It should be noted that foreign securities face the same yield pressures US Treasuries do—large positions in older, lower-yield securities are now worth that much less because of rising interest rates. As the ongoing issues at Credit Suisse illustrate, the rising rate environment is as challenging to European banks as American banks, if not more so.
Whether the 50bps hike will help tamp down inflation in the Eurozone is problematic, although the ECB is proving just as dedicated to the Volcker playbook as the Federal Reserve.
This move also adds pressure on the Federal Reserve to raise the federal funds rate again when the FOMC meets next week. The dollar sank in late day trading aginst the euro, aborting what looked like a recovery from an intraday low.
The dollar shows similar declines against the British pound as well.
The dollar decline was broad-based, as the dollar index, which measures the dollar against a basked of currencies, followed suit.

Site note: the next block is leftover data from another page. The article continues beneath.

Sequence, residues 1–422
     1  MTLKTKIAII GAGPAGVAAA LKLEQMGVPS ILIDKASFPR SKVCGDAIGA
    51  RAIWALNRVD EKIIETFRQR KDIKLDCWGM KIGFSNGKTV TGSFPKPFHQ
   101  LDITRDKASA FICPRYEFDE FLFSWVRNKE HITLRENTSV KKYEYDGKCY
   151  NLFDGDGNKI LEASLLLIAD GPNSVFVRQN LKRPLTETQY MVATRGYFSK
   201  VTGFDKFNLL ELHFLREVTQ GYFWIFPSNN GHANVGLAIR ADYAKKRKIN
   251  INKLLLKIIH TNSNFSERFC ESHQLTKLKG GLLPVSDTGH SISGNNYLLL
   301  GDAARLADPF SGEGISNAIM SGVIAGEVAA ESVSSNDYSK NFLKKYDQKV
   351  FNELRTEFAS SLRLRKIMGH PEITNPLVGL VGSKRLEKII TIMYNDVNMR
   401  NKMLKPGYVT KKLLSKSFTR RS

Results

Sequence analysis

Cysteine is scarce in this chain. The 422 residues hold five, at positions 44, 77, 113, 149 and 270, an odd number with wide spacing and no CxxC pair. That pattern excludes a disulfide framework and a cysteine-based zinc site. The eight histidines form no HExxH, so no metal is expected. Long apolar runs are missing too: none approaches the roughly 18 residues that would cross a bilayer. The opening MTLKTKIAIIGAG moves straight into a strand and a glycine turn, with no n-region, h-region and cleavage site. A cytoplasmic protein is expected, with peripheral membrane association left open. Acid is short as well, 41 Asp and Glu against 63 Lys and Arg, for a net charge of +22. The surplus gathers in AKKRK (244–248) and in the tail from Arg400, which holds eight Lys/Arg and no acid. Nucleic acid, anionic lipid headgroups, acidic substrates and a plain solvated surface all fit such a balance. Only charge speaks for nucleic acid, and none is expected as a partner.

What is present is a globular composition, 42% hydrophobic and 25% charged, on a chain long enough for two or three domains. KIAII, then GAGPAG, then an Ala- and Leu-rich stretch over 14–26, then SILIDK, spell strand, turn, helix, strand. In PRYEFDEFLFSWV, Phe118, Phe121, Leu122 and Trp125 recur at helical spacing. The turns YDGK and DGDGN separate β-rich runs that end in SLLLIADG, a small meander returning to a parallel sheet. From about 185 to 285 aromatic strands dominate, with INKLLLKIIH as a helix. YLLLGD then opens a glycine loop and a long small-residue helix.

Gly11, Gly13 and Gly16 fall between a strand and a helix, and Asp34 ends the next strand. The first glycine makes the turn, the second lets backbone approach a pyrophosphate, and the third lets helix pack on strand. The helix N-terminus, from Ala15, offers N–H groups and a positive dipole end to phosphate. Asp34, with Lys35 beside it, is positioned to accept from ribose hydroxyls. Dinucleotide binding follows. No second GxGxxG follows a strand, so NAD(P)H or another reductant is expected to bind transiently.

As I pointed out last summer, the Fed’s rate hikes also help defend the dollar’s relative strength against other fiat currencies.
Bas van Geffen of Rabobank alludes to why the Fed wants to be in last place in the currency and economic race to the bottom: the strongest currency will be the one that crashes last.
While the Fed’s experience –how did we ever get from ‘transitory’ to ‘entrenched’?– serves as a warning for its peers, the bright spot of a more aggressive FOMC is that the ECB might just manage to get away with less tightening, possibly allowing European policymakers to take a little more care of the economy. If the Fed squeezes the life out of the US economy, that will undoubtedly have a global impact. It may therefore cool global aggregate demand just enough to take the biggest sting out of inflation. Yet, as the decline in the euro over the last week highlights, the ECB will obviously understand that a free ride does not exist.